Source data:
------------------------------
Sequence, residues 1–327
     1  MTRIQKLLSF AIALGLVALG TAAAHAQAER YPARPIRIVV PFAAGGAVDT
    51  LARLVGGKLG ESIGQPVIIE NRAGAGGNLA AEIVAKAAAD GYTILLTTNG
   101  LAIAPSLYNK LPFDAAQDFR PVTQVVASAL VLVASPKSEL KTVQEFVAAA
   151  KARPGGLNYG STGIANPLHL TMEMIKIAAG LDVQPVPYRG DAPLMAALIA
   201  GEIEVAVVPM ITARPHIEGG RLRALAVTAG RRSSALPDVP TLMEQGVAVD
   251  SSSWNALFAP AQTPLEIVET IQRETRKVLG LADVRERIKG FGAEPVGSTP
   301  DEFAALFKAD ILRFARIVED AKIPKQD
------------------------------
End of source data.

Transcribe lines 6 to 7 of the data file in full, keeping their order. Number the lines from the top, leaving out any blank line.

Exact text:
   201  GEIEVAVVPM ITARPHIEGG RLRALAVTAG RRSSALPDVP TLMEQGVAVD
   251  SSSWNALFAP AQTPLEIVET IQRETRKVLG LADVRERIKG FGAEPVGSTP